Choosing RFID For Industrial Applications; Part 3


In part one and two of this blog series, I provided an introduction to the 3 most common frequencies/systems used in industrial RFID and detailed Low Frequency (LF) based systems. In this post, I will provide more details specifically about HF or High Frequency based RFID.

High Frequency

Image 3, High frequency Balluff tag samples

HF RFID systems typically operate at 13.56 MHz. These systems are usually based on either the ISO 14443 (also known as the Mifare standard) or the ISO 15693 standard. The benefits to these standards are that they can allow interoperability between several manufacturers of tags (see image 3) and read/write hardware, though both standards allow the user to openly read the tags’ unique serial numbers. Typically, most 14443 based tags have the user data memory password protected, ensuring that the user data can only be read by the manufacturer’s hardware. Most of the time, the password is not accessible to the user.

Because of this standardization and commonality of hardware like tag transceivers, HF based systems also provide lower cost for the user than proprietary systems and can be comparable in cost to LF tags. HF systems are also generally station based like LF systems, where tag data is read and/or written at a specific “check” point in a process.

Unlike the LF based tags, HF tags typically see significant read/write signal degradation when mounted in a metal alloy, thus limiting range unless designed specifically for this purpose. HF read/write ranges can also be degredated by having metal in or near the field created by the head. There are exceptions where some manufacturers have created special tag and head antenna designs allowing minimal effects from metal. These special tags and heads can use techniques like “rod” style antennas instead of coil antennas.

Image 4, “Near field” inductive coupling antenna example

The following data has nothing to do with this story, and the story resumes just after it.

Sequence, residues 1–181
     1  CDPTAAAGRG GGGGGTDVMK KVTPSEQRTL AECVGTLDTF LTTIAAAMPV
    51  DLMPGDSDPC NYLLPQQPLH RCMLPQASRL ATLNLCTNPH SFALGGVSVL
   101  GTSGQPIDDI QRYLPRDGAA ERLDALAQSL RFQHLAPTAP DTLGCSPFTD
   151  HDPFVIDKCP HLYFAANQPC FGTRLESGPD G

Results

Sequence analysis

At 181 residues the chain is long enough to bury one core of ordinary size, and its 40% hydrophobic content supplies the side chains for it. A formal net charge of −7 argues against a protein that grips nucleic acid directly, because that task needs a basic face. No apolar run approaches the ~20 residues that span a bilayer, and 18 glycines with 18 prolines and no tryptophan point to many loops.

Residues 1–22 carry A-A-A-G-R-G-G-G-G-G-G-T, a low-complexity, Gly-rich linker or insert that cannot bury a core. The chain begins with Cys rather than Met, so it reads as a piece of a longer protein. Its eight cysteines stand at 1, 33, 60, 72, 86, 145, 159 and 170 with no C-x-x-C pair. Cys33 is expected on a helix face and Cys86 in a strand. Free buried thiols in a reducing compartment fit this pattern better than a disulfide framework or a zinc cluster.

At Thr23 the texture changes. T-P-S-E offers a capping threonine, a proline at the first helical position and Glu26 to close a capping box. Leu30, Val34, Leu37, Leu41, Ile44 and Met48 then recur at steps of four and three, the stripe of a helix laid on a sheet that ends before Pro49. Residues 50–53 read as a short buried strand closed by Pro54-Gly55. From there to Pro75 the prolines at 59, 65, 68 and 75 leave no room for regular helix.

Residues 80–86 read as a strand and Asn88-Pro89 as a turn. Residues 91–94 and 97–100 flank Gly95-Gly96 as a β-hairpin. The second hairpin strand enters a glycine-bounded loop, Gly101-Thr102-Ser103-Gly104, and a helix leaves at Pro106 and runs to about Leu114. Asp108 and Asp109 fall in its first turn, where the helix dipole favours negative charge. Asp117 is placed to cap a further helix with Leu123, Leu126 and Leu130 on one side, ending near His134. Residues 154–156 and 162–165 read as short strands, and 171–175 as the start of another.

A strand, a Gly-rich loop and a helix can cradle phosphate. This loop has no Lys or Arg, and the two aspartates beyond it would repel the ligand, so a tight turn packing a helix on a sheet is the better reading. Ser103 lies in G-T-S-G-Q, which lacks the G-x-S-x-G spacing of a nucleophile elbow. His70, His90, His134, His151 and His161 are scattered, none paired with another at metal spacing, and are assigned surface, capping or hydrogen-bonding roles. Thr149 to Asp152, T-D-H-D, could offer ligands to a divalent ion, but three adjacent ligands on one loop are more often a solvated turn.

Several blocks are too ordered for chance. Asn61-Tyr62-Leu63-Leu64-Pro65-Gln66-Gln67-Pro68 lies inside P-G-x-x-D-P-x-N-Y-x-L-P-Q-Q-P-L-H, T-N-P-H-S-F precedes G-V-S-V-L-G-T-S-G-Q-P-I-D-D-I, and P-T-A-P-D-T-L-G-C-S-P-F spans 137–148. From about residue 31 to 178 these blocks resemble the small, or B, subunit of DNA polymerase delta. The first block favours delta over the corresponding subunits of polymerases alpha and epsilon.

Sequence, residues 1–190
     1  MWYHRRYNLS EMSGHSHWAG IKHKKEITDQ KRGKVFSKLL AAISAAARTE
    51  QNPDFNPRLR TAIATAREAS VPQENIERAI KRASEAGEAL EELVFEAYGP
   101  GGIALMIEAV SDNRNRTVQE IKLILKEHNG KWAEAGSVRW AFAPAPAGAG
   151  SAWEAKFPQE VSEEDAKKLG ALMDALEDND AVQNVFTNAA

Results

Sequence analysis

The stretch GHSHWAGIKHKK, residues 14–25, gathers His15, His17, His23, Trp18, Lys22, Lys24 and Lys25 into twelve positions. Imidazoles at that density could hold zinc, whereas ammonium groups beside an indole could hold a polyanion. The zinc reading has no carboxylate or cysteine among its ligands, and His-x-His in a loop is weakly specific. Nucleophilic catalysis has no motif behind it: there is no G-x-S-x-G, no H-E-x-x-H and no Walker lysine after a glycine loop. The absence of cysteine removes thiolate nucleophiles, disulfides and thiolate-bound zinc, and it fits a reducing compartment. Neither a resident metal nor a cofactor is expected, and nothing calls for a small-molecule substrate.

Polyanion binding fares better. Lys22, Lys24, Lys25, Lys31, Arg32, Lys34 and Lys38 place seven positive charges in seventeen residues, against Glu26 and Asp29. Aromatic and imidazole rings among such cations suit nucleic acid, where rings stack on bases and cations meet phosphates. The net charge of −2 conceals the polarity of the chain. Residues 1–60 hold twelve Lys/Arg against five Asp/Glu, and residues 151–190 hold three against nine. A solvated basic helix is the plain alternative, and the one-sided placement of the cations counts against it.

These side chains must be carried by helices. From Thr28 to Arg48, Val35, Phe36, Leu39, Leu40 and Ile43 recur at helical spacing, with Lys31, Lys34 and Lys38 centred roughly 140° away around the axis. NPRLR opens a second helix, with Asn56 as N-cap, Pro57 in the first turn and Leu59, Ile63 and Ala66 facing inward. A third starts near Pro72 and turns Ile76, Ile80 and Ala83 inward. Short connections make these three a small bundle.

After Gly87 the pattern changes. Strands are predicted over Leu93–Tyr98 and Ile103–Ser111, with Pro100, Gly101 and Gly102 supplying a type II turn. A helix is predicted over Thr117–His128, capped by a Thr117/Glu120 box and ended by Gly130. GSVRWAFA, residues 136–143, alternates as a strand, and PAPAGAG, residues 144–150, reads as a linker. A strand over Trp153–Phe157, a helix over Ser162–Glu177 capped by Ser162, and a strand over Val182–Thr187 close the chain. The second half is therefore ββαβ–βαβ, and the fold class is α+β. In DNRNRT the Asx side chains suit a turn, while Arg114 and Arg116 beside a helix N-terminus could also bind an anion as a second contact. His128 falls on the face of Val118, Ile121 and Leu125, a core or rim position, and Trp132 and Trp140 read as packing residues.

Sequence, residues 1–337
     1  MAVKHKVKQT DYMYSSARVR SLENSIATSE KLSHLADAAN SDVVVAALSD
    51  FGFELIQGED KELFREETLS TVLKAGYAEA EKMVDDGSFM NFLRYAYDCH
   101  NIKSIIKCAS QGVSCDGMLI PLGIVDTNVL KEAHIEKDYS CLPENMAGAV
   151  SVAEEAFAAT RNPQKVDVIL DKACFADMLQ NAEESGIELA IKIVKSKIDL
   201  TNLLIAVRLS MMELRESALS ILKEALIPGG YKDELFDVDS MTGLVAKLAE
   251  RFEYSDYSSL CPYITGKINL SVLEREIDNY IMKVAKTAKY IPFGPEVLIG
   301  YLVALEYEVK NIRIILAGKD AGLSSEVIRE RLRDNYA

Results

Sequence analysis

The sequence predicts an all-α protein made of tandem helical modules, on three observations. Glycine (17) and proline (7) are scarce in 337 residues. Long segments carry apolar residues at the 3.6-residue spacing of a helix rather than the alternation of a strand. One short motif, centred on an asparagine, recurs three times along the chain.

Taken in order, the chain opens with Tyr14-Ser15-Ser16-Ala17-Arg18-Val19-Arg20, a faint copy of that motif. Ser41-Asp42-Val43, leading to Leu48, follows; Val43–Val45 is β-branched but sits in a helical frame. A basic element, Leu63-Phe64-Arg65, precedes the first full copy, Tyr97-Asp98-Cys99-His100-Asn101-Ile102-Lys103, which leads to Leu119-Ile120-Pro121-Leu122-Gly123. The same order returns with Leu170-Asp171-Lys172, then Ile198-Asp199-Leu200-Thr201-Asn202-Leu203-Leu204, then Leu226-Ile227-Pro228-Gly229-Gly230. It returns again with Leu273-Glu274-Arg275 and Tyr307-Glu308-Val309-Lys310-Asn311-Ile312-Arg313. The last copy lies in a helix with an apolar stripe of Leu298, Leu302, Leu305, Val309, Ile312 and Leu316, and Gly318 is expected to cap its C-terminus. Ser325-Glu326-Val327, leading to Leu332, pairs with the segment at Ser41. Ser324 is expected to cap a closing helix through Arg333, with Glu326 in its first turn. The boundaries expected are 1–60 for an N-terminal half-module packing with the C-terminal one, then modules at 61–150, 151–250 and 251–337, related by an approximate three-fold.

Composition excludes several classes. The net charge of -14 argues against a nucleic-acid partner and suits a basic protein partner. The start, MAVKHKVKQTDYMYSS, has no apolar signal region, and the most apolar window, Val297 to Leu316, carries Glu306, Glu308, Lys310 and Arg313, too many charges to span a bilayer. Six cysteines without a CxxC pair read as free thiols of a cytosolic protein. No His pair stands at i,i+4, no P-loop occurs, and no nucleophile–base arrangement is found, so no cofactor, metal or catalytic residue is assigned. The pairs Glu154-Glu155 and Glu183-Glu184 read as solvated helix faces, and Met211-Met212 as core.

HF systems also have good range, as much as 150mm or more when mounted on non-metal surfaces. The range for HF tags mounted on or in metal is usually manufacturer specific. Because of the nature of their higher transmission speeds, HF systems can read/write tag data considerably faster then LF systems. For example, to read a block of 16 bytes or 128 bits of data, a read process can be completed in 30 milliseconds or less. To write the same 16 bytes of data can typically be completed in 60 milliseconds or less.

HF tags are also available in two memory types, EEPROM with 800 bytes or less of user data memory capacity (like LF tags) or FRAM type. FRAM (Ferroelectric Random Access Memory) typically offers high memory capacity – 2K bytes or more and is not limited in write cycles making it capable of essentially unlimited read and write operations. Because of their higher read/write speeds, HF systems can be used for applications that require continuous movement at speeds of 3 meters per second or more, depending on the amount of data being transferred.

Because both LF and HF RFID systems operate on the principle of inductive coupling (see image 4), they operate in what’s known as “near field”. This means that these systems are less susceptible to interference from other adjacent systems and minimal distances are required between read/write heads compared to other RFID system types.

In the next blog post of this series, I will continue to define in more detail the last of the three frequency/system types introduced in the first series post, moving finally to UHF or Ultra High Frequency.

Click here to learn more about Balluff industrial RFID.
Click hereto read a whitepaper on “Choosing RFID For Industrial Applications”.


One Response

  1. ISO14443 is not known as the Mifare standard. In fact it (Mifare) is not fully compliant to ISO14443A at all.

    I also read the LF blog you put up as well. There are some misunderstandings you have about LF – specifically the way it works, etc.

    be glad to help you understand this better.

    best regards –

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